In A Nutshell
If you know anything about pop culture then you’ve heard of Godzilla, King of the Monsters. However, the radioactive dinosaur we all know and love was actually based on a terrible tragedy. While definitely influenced by the bombings of Hiroshima and Nagasaki, director Ishiro Honda was particularly inspired by the tale of the Lucky Dragon 5, a fishing vessel that suffered a terrible fate.
The Whole Bushel
Famous for his atomic breath and bad attitude, Godzilla is everybody’s favorite giant monster. However, the big guy has changed drastically over the years, transforming from a force of nature into a force for good. He’s fought pollution, raised a son, and even learned to dance.
However, the 1954 Godzilla was an entirely different animal. Ishiro Honda’s monster flick wasn’t just simple entertainment. It was a commentary on the danger of nuclear weapons. Like most Japanese citizens, Honda knew a thing or two about atomic bombs. He’d traveled to Hiroshima and witnessed Little Boy’s destruction firsthand. However, the incident that really drove Honda’s film was a little-known tragedy that took place in 1954.
On January 22, a fishing vessel named Daigo Fukuryu Maru (Lucky Dragon 5) set sail from the city of Yaizu. However, the trip was plagued with incredibly bad luck. The ship’s young captain was pretty much a rookie, and the Dragon’s engine kept giving out. On top of everything else, the crew lost almost half of their fishing lines in a coral reef. Perhaps the fishermen should’ve interpreted this as a bad omen. Instead, they became determined to sail further out and catch even more fish. It was the worst decision they ever made.
On March 1, Lucky Dragon neared Bikini Atoll, the notorious cluster of islands that served as a testing site for nuclear weapons. Unfortunately for the fishermen, American scientists were about to detonate Castle Bravo, the first dry fuel H-bomb. While the Japanese government ordered boats to stay away from the atoll, the Lucky Dragon never got the memo. The crew had no idea what was about to happen. Neither did American scientists. They expected the explosion to yield 6 megatons of TNT. When it finally detonated, it yielded a whopping 15 megatons, making Castle Bravo the most powerful nuclear bomb ever set off by the US.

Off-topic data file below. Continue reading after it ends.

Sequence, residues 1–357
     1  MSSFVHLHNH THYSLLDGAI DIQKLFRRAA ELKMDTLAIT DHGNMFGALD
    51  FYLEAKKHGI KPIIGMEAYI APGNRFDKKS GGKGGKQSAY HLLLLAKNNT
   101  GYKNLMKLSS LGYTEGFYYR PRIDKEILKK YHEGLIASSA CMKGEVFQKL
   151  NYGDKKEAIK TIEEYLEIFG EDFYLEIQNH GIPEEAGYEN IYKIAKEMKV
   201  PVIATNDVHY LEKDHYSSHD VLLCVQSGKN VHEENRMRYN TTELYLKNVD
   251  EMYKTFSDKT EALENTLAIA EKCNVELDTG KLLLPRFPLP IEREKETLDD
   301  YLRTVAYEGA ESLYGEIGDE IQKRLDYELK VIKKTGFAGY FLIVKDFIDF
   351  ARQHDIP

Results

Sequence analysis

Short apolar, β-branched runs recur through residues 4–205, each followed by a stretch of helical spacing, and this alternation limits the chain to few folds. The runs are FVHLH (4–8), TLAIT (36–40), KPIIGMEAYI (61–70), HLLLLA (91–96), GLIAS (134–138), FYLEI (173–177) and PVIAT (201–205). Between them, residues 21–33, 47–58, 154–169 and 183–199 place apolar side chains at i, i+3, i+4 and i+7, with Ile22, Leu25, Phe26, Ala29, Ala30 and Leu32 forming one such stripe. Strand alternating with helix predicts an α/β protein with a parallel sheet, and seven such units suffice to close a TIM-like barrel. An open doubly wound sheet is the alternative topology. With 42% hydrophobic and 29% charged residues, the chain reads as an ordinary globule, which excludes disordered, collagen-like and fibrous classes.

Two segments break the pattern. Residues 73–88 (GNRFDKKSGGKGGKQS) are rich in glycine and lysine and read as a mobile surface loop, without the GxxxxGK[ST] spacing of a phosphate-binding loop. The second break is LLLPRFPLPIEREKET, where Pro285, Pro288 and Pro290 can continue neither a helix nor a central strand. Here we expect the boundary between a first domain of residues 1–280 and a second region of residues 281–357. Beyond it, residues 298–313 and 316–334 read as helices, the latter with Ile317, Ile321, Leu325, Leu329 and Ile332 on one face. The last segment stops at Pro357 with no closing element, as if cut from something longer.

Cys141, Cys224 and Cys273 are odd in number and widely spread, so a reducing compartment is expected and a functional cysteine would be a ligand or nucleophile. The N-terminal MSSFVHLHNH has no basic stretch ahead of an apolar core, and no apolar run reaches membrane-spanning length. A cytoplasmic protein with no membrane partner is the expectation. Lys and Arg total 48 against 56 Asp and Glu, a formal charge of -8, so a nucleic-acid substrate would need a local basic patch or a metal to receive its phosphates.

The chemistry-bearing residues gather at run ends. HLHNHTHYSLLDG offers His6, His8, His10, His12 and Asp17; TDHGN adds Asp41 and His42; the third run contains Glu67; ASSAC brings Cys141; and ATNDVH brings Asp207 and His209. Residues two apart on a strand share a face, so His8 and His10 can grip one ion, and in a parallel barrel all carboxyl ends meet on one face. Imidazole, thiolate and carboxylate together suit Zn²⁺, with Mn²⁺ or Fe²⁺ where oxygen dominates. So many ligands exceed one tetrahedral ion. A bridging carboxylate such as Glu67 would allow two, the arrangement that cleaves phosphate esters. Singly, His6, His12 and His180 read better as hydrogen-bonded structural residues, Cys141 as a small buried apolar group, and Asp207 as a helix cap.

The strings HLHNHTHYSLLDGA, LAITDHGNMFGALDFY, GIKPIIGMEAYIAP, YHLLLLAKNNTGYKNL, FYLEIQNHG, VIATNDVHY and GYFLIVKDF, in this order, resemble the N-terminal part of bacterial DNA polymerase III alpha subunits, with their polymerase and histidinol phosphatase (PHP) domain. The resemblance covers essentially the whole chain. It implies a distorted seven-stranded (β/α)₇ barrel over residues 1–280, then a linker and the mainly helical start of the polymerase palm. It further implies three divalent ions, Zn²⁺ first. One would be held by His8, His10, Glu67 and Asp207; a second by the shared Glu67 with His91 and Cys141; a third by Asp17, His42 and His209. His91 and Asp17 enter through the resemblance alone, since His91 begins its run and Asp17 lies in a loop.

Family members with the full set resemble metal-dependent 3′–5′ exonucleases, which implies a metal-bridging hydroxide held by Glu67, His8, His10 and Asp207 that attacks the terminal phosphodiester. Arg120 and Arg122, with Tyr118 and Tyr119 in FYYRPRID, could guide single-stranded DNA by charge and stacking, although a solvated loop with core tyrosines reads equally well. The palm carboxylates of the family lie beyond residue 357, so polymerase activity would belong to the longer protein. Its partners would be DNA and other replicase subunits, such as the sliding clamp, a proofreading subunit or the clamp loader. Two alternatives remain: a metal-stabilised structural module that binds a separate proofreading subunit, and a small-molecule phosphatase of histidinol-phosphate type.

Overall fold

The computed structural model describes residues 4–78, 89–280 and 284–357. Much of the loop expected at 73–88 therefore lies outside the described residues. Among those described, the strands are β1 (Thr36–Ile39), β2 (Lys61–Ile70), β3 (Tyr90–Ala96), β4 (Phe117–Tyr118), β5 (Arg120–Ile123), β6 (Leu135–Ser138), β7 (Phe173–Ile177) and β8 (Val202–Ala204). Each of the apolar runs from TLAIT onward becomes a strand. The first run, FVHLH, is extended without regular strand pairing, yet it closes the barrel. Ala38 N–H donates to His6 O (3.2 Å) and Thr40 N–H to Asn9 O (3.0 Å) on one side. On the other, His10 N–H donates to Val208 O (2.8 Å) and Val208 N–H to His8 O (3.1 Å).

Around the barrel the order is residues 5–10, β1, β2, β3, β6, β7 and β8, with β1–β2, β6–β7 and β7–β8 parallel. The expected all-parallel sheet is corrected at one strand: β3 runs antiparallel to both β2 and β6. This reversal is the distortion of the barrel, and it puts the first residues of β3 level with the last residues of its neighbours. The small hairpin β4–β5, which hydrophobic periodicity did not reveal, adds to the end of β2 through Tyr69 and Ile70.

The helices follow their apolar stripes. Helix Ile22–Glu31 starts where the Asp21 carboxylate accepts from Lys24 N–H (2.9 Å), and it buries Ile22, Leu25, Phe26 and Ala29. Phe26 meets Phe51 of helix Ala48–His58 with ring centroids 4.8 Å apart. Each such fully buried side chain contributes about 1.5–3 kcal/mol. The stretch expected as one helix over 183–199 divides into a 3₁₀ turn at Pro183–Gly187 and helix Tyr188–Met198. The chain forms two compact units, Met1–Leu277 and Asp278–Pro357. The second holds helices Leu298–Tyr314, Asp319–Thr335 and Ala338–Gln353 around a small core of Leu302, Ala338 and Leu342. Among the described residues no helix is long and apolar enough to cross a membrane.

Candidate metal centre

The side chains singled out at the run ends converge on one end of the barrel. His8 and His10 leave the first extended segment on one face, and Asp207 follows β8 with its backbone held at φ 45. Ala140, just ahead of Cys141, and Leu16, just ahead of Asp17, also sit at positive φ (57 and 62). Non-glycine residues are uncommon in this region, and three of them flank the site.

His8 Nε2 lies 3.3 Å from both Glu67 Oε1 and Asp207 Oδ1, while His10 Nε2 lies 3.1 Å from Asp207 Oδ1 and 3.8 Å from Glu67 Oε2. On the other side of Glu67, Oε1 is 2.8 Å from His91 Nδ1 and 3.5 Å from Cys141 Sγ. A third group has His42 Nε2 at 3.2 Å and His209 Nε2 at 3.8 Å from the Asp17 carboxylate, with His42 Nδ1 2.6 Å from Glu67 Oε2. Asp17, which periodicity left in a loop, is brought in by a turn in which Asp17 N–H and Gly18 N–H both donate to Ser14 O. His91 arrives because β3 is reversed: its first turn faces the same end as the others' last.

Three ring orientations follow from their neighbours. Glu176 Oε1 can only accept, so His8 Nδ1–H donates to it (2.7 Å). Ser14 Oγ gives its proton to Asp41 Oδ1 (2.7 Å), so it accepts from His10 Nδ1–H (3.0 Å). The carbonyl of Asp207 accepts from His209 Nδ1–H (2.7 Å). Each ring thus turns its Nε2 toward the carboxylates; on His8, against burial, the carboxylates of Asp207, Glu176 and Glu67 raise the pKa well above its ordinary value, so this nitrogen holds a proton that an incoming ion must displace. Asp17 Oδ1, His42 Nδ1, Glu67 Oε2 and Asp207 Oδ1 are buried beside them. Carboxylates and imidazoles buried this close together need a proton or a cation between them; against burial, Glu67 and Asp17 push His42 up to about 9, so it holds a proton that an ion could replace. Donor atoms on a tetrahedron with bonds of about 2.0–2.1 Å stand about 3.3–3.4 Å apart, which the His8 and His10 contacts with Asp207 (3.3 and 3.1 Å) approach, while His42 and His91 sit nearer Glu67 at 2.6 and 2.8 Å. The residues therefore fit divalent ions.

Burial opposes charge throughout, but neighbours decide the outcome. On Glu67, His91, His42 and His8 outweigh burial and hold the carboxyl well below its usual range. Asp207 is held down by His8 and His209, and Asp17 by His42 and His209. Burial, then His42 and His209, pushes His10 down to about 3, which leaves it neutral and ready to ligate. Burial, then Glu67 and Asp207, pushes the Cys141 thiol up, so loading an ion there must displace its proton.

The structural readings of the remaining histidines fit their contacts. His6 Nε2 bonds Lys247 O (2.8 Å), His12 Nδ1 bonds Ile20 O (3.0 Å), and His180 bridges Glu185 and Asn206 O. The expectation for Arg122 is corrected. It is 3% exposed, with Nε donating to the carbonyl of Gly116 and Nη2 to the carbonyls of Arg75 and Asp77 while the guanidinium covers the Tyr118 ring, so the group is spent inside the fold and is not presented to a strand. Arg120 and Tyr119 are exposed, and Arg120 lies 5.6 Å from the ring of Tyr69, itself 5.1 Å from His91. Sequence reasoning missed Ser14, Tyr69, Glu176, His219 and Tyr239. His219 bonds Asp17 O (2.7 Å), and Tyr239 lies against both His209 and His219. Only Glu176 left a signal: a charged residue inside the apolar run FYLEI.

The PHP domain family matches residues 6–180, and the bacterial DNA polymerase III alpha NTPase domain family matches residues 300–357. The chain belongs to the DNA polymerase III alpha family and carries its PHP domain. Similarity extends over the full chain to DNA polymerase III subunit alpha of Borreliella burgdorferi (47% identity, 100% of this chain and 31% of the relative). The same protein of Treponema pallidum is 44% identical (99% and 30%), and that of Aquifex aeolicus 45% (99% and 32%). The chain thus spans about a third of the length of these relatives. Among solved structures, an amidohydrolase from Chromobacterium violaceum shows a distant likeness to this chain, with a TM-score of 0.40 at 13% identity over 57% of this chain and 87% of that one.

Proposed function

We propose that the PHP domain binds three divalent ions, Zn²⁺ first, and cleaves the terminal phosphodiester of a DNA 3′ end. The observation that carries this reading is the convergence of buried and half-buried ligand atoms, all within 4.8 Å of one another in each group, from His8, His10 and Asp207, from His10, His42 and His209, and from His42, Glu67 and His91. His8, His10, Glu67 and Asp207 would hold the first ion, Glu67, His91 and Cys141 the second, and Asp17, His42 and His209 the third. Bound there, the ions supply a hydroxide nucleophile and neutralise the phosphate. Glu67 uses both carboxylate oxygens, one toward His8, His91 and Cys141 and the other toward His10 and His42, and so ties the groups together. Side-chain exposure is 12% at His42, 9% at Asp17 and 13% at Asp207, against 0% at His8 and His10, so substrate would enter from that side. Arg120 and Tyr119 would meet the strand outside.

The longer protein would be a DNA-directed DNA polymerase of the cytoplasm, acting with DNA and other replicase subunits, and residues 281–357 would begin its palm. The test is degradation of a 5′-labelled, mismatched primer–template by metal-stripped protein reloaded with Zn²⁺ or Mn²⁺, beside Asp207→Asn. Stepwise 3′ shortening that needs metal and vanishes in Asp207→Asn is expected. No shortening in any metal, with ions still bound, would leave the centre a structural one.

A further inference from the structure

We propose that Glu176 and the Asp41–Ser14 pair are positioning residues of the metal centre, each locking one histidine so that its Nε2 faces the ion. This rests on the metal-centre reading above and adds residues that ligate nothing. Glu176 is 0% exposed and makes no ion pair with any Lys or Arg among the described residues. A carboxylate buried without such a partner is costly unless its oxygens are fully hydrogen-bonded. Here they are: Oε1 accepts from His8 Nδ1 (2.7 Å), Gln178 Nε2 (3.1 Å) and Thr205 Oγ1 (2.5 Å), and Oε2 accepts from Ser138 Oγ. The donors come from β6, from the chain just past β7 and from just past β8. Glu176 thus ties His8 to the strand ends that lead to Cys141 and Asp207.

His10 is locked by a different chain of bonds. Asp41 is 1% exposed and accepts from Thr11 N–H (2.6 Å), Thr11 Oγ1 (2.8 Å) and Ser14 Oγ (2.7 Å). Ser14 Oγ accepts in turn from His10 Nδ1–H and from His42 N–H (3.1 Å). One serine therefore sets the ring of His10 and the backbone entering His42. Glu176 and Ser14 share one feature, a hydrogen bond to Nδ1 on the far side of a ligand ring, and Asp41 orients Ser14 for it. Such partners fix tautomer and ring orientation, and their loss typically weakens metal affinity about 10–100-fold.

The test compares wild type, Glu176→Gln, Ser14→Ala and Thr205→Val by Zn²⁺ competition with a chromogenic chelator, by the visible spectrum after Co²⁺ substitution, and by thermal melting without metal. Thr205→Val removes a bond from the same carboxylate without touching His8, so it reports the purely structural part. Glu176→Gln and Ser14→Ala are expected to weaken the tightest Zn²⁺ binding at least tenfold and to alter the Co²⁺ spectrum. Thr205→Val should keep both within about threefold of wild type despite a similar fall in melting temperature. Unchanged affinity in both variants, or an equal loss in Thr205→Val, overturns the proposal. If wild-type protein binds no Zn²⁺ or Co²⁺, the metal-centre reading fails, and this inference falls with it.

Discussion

When the bomb blew at 6:45 AM, fire illuminated the dark sky, leading the Japanese to dub March 1 as “the Day the Sun Rose in the West.” And the crew of the Lucky Dragon was right there to witness the blast. Well, technically they were just outside the government-mandated danger zone. Of course, that zone was established back when scientists expected a much smaller explosion. Eight minutes after detonation, the fishermen heard the thunderous boom . . . and then white ash began sprinkling onto the boat. Atomized coral was raining down on their heads. Unsure of what was happening, the crew kept fishing, ignoring the dusty rain, oblivious to the danger.
Later that evening, the crew grew violently nauseous. As they sailed back to Japan, they developed horrible burns, bloody gums, and swollen eyes. When they finally reached the mainland, they were quarantined, but their fish were mistakenly sold to stores across Tokyo. The government freaked out (understandably) and sent teams to hunt down the radioactive tuna. Unfortunately, before they could collect all the fish, two were sold to unsuspecting customers, who probably ate them. Even worse, Lucky Dragon’s radio operator, Aikichi Kuboyama, died in September, becoming the first Japanese victim of the H-bomb.
The incident sparked a firestorm of controversy, causing protestors to take to the streets. Not only that, Ishiro Honda was inspired to transform his monster into a symbol of nuclear holocaust. The tragedy even made its way into the film. In the opening scene, a fishing boat marked No. 5 is sailing along when a flash of bright light fills the screen. As crew members scramble to their feet, the boat is mysteriously destroyed. To drive his point home, Honda makes sure viewers witness the death of the radio operator. It’s an intense moment, but only Japanese viewers understood Honda’s true intent. They all knew the real monster in “Godzilla” was far scarier than any fire-breathing beast.